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Lessons from Jane Jacobs

Start-ups usually rent space in larger buildings. This way they are hidden and are not know. Perhaps a Google Map just for Manhattan or San Jose, sponsored by an overarching organization would bring some visibility to these innovative teams.

Photo of Nima Moinpour
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Manhattan, San Jose, Philadelphia, Brooklyn, Cupertino, Start-Up Foundation will be part of a larger urban project to connect start-ups not just to their respected industries but to the community.

"Manhattan Start-Up Foundation" will register each new start-up and grant it different levels of membership and provide the group with tailored news and resources and thus enhance its connection and identity amongst the community. 

* A map where all the start-ups, categorized, and sub-categorized into industries.
* A badge, identifying it as a member and a logo identifying it's industry.
* A tailored online community newsletter, entailing networking events.

Can you think of a city that this already goes on in a de-facto manner?

What cities in America would be ideal for this model?

How will your concept support web entrepreneurship?

The hope for this project is to know your neighbors, and utilize the notion of "public sphere" for micro-economic enhancement.

What kinds of resources will be needed to get this concept off the ground and scale it?

A quarterly membership fee of $25 for Badge, Logo and a General News Letter. An additional $18/quarter for a tailored newsletter with access to networking events. The organization can ignite through local colleges. For example, NYU, Columbia, The New School, SUNY and CUNY each have students interested in public affairs, communication, urban planning, business and entrepreneurship and marketing. A club, promoted by the city can be in charge of handling and organizing the operations. City funding will be sought out and partnerships will be proposed and in the process connecting, the merchant class to the city through the institution of eduction.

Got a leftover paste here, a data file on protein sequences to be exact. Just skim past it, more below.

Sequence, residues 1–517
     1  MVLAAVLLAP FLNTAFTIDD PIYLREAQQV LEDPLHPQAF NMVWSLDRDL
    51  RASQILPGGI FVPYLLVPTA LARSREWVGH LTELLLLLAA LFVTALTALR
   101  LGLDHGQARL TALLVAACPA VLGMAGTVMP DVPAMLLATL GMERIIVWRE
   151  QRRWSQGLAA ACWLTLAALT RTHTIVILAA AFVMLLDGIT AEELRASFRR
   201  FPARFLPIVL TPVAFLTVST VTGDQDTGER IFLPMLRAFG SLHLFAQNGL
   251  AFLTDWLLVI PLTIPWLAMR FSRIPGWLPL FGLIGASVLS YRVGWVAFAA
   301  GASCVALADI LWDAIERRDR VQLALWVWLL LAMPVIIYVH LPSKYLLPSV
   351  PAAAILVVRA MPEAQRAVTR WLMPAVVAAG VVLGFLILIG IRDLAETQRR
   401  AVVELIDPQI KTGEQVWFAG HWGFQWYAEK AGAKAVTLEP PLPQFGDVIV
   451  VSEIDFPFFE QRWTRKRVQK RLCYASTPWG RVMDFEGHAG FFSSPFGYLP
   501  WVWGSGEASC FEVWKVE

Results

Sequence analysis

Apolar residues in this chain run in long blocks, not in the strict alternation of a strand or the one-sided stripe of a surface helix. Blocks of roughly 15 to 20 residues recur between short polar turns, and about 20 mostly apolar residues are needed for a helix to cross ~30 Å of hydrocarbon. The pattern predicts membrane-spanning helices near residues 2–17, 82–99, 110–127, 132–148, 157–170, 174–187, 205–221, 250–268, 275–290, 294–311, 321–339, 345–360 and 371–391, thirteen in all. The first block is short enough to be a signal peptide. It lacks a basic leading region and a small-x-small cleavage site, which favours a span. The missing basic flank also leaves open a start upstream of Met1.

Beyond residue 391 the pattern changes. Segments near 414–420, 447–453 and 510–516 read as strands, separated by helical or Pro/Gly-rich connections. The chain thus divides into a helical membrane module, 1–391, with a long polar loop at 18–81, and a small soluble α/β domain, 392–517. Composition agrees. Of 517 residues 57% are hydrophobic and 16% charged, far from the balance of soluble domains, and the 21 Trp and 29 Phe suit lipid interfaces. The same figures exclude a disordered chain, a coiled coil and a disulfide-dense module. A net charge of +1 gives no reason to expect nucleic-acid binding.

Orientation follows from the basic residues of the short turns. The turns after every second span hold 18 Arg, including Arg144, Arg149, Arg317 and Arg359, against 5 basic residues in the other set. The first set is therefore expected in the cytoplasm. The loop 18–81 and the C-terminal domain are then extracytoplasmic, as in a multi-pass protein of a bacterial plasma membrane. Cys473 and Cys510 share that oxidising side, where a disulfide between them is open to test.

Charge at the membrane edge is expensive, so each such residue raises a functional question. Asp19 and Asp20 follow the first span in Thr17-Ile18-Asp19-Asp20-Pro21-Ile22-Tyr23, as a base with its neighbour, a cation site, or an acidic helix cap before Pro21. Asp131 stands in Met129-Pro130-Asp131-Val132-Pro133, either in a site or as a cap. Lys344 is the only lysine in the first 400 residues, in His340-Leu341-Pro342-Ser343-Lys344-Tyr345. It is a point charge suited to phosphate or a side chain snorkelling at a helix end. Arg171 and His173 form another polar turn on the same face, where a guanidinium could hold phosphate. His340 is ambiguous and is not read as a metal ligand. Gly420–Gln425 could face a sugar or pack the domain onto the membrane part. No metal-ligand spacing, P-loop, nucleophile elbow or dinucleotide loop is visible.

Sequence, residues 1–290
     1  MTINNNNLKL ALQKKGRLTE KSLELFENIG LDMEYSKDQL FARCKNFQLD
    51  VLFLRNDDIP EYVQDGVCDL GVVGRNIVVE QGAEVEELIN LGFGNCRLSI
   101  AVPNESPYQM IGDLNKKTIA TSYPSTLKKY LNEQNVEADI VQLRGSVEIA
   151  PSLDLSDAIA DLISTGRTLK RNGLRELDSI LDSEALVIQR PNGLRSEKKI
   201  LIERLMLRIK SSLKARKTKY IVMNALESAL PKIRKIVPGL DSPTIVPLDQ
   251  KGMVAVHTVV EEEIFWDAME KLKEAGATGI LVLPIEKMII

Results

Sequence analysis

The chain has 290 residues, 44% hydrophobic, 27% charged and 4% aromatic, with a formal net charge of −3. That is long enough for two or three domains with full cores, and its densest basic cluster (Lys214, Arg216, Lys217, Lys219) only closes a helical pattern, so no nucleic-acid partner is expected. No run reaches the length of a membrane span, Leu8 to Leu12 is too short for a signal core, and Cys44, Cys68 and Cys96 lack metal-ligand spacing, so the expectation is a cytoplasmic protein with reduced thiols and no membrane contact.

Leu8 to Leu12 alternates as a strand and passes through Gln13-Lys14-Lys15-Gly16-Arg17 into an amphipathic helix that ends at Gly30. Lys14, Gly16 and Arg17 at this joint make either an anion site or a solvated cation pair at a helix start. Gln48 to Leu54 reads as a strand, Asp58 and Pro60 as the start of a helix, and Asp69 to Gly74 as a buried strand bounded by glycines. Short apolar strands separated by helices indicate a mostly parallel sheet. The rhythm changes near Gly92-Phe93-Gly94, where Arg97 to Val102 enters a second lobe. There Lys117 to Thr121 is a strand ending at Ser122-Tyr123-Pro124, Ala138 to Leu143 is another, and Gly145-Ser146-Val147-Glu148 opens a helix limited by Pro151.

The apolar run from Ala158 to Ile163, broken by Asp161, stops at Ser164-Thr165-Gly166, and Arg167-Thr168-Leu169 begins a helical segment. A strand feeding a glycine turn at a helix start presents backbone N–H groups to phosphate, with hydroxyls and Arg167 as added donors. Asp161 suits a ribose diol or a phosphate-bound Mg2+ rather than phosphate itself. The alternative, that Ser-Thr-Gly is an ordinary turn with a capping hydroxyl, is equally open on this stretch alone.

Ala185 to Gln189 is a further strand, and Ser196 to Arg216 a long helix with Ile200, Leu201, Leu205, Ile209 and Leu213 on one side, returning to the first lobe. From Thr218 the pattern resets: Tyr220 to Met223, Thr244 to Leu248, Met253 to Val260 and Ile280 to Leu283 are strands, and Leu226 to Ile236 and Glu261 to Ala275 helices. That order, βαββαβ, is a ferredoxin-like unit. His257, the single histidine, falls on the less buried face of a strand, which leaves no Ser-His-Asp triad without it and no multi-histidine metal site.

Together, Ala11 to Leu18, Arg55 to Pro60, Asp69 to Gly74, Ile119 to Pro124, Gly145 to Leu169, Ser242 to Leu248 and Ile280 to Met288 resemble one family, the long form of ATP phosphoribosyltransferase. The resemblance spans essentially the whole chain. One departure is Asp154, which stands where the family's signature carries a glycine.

How could we get started?

A Star-up conference at a Javis Center in New York would be a great start. Personnel from government, VC, and educational institutions will hold a cohesive 1 day event where idea for the membership in this new city program will be proposed. Within the next month, clubs will be established in nearby educational institutions. Students will then divide and conquer in contacting each business personally to evaluate their needs and wishes. Once the survey completed, a beta program will be designed to be tried for a group of businesses.

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Photo of Amy Bonsall

Thanks for this, Nima. Agree that start-ups are often too hidden. Check out this map of London's Silicon Roundabout for inspiration: http://www.wired.co.uk/magazine/archive/2010/02/start/silicon-roundabout

It would be great to think about what European cities would benefit from this; for instance Berlin or Paris. Perhaps some community members could chip in with thoughts.

Photo of Nima Moinpour

The Bazaar. It is local, it is visible and thus has a voice and respondents within the city space.

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